Fake news and the spread of misinformation isn’t going anywhere. And according to recent research from broadcaster Channel 4, Brits are very bad at spotting it.

Channel 4 and YouGov surveyed 1,700 people showing them six individual story headlines. Of these, three were true, and three were fake. These included “Tourist bitten by massive crocodile after trying to take a selfie” (true) and “Immigrants to be given £8,500 upon arrival to boost economy” (fake) as well as some Trump-related headlines too.

Only 4 percent were able to correctly identify the story by the headline.

“There were a few interesting demographic divides,” said Chris Curtis, political researcher at YouGov. “Remainers (those who voted to stay in the EU), those we class as ‘ABC1’s’ (middle class) and men generally identified more stories correctly as either true or false based just on the headline.”

People overestimate themselves
As shown in research in the States too, people overestimate their ability to pick out what’s true: Half of Brits (49 percent) say are confident they can tell the difference between a fake news story and a real news story, even though only 4 percent identified them correctly from the headline alone.

Source: YouGov / Channel 4, Jan.

Facebook is not a primary source of news
Channel 4 finds that for the most part, people aren’t getting their news primarily from social networks like Facebook. (Research finds people who get their news from Facebook believe false news 83 percent of the time.) Over half (53 percent) say they get their news from broadcasters, either online, TV or radio, and just 6 percent from Facebook.

Source: YouGov / Channel 4, Jan.

Gen Z is less skeptical
Studies find that younger people are less discerning. They also tend to get more of their news from Facebook or Reddit rather than multiple broadcasters and media. Marketing firm Ezanga surveyed 1,200 people worldwide born after the mid-1990s and found that 61 percent head to online communities like Reddit for further information.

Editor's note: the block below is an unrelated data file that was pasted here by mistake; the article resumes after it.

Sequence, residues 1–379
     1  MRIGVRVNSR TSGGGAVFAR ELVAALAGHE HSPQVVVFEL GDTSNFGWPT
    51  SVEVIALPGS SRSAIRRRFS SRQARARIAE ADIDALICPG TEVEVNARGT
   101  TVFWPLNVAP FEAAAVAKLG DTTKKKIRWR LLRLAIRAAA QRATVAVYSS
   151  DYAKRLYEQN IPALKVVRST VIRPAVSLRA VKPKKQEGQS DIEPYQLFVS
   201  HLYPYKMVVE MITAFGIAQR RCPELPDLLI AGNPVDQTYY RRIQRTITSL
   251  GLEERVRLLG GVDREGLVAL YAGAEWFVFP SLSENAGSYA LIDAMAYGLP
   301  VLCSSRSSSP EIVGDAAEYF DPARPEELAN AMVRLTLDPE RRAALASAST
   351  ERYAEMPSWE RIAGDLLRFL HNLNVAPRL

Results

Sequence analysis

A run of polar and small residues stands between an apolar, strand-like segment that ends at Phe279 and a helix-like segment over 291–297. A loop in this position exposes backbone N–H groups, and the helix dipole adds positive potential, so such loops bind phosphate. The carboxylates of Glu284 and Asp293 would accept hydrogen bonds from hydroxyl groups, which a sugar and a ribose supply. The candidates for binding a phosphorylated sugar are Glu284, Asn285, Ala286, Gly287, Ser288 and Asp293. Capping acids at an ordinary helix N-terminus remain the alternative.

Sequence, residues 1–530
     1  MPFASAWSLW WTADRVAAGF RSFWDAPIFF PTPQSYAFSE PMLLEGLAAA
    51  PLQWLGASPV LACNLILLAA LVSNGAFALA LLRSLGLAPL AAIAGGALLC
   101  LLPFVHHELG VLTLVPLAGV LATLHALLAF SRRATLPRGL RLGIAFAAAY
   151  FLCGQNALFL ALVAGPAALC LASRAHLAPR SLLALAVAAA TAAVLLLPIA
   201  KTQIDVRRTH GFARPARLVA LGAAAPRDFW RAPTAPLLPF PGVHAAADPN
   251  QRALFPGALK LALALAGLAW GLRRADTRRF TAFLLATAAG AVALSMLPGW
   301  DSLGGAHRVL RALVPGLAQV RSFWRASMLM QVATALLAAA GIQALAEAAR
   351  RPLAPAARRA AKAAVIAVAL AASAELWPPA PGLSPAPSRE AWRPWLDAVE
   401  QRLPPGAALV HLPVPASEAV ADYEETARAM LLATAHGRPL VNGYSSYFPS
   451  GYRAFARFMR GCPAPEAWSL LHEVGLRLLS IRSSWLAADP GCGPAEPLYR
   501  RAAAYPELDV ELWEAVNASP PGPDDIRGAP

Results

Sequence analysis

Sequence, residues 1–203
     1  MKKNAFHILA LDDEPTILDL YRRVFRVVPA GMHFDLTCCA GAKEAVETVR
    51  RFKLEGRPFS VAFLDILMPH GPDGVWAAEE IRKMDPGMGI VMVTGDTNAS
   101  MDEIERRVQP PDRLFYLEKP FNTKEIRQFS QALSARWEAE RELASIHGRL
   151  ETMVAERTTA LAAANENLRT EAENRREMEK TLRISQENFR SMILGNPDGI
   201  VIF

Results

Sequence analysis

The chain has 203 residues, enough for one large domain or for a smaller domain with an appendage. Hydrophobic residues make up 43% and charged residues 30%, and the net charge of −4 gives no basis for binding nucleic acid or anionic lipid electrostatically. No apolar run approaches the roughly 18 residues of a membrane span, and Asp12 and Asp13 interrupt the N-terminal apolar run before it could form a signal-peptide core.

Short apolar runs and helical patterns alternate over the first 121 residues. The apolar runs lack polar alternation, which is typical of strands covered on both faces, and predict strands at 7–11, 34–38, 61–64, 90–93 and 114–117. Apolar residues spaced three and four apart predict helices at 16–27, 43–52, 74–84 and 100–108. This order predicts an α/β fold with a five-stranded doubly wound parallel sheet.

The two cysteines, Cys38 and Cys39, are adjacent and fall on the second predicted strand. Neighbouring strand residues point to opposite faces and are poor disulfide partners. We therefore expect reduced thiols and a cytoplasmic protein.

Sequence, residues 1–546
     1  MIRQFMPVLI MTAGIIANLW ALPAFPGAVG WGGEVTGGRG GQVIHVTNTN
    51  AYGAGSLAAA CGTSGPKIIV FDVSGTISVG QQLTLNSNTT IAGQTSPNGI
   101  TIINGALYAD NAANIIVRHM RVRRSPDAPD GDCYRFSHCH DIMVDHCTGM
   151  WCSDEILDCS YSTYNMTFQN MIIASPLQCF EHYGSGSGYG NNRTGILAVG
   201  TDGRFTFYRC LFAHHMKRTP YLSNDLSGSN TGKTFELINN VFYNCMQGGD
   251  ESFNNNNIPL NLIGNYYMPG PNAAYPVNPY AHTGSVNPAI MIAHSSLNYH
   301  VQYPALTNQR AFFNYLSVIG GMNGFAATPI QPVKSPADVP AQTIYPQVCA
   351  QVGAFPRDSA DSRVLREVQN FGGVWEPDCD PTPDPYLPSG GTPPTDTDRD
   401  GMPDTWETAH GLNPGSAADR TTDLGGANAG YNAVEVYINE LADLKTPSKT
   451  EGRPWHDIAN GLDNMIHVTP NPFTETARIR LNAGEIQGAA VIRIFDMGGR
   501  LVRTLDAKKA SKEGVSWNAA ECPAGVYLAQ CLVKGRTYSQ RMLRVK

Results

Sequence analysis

When asked, “What aspect of the websites you visit inspires the most trust?” 56 percent answered that the name and source inspired trust, compared to 44 percent who said it was the presentation of the site.

Source: Ezanga, Dec.

One in four share fake news
The problem, then, comes when people keep sharing it. According to research from Pew in December, one in four Americans (23 percent) had shared a political fake news story, 14 percent of them knew at the time that it was fake and shared it because either they wanted to spread misinformation, to “call out” the stories as fake, for the amusement value, or for some other reason.

Source: Pew, Dec.

Social networks need to step up
According to the YouGov and Channel 4 survey, two-thirds of Brits (66 percent) think social media sites such as Facebook or Twitter aren’t doing enough to tackle fake news. To help tackle the problem in the last few months, Facebook has been working with third-party fact-checkers in the U.S. and in Germany, as well as launching initiatives with publishers in France, and banning fraudulent sites from its ad network. But still only 8 percent of Brits feel that social networks are doing enough.

Over half (55 percent) think the government is not doing enough to tackle fake news. Earlier this month a group of U.K. MPs has launched an inquiry into fake news, led by the Culture, Media and Sport Committee.

Source: YouGov / Channel 4, Jan.

Images: via That’sFake.com

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